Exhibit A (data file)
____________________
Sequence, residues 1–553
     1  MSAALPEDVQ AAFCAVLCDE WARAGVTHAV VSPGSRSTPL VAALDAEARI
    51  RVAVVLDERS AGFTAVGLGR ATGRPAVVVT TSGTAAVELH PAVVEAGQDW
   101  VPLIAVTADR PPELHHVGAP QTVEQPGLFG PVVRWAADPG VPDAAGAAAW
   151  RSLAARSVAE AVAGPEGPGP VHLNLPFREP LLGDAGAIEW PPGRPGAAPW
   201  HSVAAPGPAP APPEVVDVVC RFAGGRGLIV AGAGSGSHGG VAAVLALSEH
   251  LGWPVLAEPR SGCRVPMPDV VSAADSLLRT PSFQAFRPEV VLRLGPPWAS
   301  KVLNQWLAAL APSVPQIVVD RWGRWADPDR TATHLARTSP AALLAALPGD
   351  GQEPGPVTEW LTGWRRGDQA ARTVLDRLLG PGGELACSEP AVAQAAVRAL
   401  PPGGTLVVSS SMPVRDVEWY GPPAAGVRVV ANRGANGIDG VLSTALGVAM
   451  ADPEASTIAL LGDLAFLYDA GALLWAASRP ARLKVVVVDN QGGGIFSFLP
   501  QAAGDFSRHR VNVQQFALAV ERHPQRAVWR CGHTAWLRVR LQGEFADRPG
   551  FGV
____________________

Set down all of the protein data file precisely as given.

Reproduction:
Sequence, residues 1–553
     1  MSAALPEDVQ AAFCAVLCDE WARAGVTHAV VSPGSRSTPL VAALDAEARI
    51  RVAVVLDERS AGFTAVGLGR ATGRPAVVVT TSGTAAVELH PAVVEAGQDW
   101  VPLIAVTADR PPELHHVGAP QTVEQPGLFG PVVRWAADPG VPDAAGAAAW
   151  RSLAARSVAE AVAGPEGPGP VHLNLPFREP LLGDAGAIEW PPGRPGAAPW
   201  HSVAAPGPAP APPEVVDVVC RFAGGRGLIV AGAGSGSHGG VAAVLALSEH
   251  LGWPVLAEPR SGCRVPMPDV VSAADSLLRT PSFQAFRPEV VLRLGPPWAS
   301  KVLNQWLAAL APSVPQIVVD RWGRWADPDR TATHLARTSP AALLAALPGD
   351  GQEPGPVTEW LTGWRRGDQA ARTVLDRLLG PGGELACSEP AVAQAAVRAL
   401  PPGGTLVVSS SMPVRDVEWY GPPAAGVRVV ANRGANGIDG VLSTALGVAM
   451  ADPEASTIAL LGDLAFLYDA GALLWAASRP ARLKVVVVDN QGGGIFSFLP
   501  QAAGDFSRHR VNVQQFALAV ERHPQRAVWR CGHTAWLRVR LQGEFADRPG
   551  FGV